Protecting your confidential information during the Information Age is important—and a key component of your strategy to reduce your risk of identity theft is how you set up your home wireless network.
It is common for households to utilize wireless technology for convenience and mobility around the house, but let’s not forget the use of wireless connections outside the home: airports, hotels, coffee houses, and others—even walking down the street. We use it at home, around town, on business trips and even while vacationing—which means there are plenty of chances for us to let our Internet guard down.
A home wireless network requires a broadband Internet connection in your house, such as a cable or DSL connection utilizing a modem connected to a wireless router. The router broadcasts a signal that can reach several hundred feet. Any computer (in the house or outside) within this range can access your wireless network—provided it has wireless access capability—and gain access to the Internet. Did you know that your neighbors, and even hackers, can utilize your network to perform questionable activities on the Internet without your knowledge? And if anyone’s Internet activity includes something illegal, it could be traced back to your broadband account!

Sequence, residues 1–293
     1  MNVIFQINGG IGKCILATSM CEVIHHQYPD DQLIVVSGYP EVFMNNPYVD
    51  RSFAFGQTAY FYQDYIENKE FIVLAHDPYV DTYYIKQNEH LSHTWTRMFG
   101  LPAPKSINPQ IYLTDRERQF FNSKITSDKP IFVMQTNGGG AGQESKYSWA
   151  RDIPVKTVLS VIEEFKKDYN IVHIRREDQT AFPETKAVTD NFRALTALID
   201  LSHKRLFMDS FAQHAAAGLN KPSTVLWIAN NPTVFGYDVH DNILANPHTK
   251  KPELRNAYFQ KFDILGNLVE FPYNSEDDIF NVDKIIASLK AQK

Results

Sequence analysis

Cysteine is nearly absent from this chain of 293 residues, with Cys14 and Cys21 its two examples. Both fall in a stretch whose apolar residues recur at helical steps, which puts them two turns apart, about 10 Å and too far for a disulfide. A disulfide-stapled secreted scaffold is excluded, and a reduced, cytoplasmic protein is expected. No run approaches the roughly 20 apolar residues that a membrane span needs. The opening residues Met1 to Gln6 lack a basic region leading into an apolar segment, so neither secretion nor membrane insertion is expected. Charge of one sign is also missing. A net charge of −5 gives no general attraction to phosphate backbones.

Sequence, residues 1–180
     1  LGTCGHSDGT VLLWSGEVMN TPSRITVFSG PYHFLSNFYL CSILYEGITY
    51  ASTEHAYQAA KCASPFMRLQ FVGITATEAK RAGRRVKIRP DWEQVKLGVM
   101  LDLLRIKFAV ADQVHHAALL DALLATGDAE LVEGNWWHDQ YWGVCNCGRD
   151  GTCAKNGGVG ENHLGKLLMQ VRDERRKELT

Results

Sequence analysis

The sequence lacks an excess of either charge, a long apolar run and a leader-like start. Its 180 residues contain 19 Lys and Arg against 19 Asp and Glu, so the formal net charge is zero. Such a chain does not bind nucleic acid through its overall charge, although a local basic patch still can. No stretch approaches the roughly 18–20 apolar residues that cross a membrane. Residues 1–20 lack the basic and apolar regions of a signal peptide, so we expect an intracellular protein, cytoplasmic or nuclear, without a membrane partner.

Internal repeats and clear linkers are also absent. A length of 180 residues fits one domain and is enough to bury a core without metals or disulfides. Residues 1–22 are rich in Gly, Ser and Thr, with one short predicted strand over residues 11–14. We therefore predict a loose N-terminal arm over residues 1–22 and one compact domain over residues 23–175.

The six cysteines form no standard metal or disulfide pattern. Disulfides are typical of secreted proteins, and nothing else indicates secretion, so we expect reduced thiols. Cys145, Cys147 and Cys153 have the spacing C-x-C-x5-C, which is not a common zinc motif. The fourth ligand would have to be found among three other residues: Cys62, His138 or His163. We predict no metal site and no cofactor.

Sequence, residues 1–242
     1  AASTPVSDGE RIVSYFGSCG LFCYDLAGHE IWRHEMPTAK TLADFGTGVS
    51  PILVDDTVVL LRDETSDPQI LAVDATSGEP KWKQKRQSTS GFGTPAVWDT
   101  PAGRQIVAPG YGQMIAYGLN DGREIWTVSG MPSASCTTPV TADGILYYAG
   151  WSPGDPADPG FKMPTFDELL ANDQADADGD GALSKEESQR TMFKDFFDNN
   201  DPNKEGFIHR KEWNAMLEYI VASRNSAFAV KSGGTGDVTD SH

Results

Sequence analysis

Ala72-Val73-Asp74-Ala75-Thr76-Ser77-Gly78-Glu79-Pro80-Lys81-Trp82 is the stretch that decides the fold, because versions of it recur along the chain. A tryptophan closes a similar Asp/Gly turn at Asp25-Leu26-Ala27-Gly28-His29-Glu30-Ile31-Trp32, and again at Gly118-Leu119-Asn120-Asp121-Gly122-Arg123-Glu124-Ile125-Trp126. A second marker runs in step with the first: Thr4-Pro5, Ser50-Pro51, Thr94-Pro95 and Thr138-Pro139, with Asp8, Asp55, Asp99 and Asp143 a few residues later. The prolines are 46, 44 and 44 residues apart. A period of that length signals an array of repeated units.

Fortunately, there are steps you can take to protect your network:
- Turn on encryption on your wireless router. If your router does not allow encryption, replace it. The extra cost is worth the extra protection.
- On your computers, implement anti-virus and anti-spyware software and a firewall. This is very important when using public wireless networks.
- If your router allows identifier broadcasting, turn it off. You know the network exists; there is no need to broadcast it for everyone to see—including hackers.
- Change the default identifier on your router so that it is not the standard used by the manufacturer. Hackers know standard manufacturer IDs.
- Change the router’s preset password. Hackers know these preset passwords. Use a strong password—long and not easily guessed. (You can refer to my previous blog that discusses setting passwords.)
These are just a few tips, but there is much more information available on Internet security from good resources such as www.ftc.gov/bcp/menus/consumer/tech/privacy.shtm. And I will be discussing more security tips periodically on the Bottom Line Blog and in Mission Fed’s quarterly newsletters. Knowledge is power, so be sure to stay informed.